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Making rocket parts in a giant microwave

When NASA blasts rockets into space, the engines kick out an inferno that would melt most metals. How do you make a material that withstands temperatures over 3,000 degrees Fahrenheit?

The answer may be in microwaves, says material scientist Holly Shulman. She and her colleagues at Ceralink are working on ultra high temperature ceramics, which can be used as nozzles on rockets and space shuttles. Normally, making materials like this requires high pressure and extremely high temperatures, both of which are expensive to generate. But using a microwave furnace, these durable materials may become cheaper and faster to make in a process called enhanced diffusion, Shulman said.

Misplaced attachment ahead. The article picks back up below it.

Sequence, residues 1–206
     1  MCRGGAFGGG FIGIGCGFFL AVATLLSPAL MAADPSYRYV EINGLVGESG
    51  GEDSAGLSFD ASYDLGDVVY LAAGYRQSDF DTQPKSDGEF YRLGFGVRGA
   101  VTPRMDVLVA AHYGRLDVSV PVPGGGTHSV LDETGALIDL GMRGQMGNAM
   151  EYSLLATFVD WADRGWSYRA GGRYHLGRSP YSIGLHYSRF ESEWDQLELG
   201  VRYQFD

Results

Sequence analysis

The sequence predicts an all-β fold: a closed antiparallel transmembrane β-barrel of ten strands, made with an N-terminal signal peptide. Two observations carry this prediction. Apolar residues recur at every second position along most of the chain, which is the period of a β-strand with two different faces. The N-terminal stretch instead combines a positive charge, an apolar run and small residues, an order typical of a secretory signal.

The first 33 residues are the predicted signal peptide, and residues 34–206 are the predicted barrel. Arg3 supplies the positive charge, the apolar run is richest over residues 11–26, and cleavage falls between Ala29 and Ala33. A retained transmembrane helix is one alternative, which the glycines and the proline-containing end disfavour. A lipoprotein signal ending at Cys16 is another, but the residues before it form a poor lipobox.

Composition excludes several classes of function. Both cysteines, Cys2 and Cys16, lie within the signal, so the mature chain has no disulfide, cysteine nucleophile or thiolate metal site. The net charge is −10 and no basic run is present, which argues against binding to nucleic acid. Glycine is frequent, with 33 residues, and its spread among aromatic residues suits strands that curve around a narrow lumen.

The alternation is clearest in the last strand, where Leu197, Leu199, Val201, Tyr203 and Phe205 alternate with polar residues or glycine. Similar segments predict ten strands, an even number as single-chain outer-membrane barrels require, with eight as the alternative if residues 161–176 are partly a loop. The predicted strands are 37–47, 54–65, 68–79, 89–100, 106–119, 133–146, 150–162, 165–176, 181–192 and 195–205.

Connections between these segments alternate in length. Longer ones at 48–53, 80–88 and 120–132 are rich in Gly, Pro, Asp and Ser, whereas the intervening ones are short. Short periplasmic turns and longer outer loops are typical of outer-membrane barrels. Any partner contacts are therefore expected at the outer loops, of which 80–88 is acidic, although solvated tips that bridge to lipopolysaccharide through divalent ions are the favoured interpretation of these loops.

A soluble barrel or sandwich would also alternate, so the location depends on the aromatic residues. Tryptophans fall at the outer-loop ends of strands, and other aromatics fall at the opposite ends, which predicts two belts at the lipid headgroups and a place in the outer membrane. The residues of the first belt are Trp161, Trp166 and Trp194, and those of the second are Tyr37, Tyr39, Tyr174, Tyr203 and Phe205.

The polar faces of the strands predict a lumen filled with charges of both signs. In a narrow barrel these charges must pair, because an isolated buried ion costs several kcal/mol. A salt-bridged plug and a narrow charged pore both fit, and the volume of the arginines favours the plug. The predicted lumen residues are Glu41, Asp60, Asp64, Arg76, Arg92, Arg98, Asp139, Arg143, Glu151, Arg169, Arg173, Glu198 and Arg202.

“Instead of the way food heats, which is based on the water heating within the food, we can actually make that work in ceramic materials to heat them internally and cause them to densify very quickly and with huge energy savings,” she said.

Science correspondent Miles O’Brien has more on this story for the National Science Foundation’s series “Science Nation.”*

*For the record, the National Science Foundation is also an underwriter of the NewsHour.

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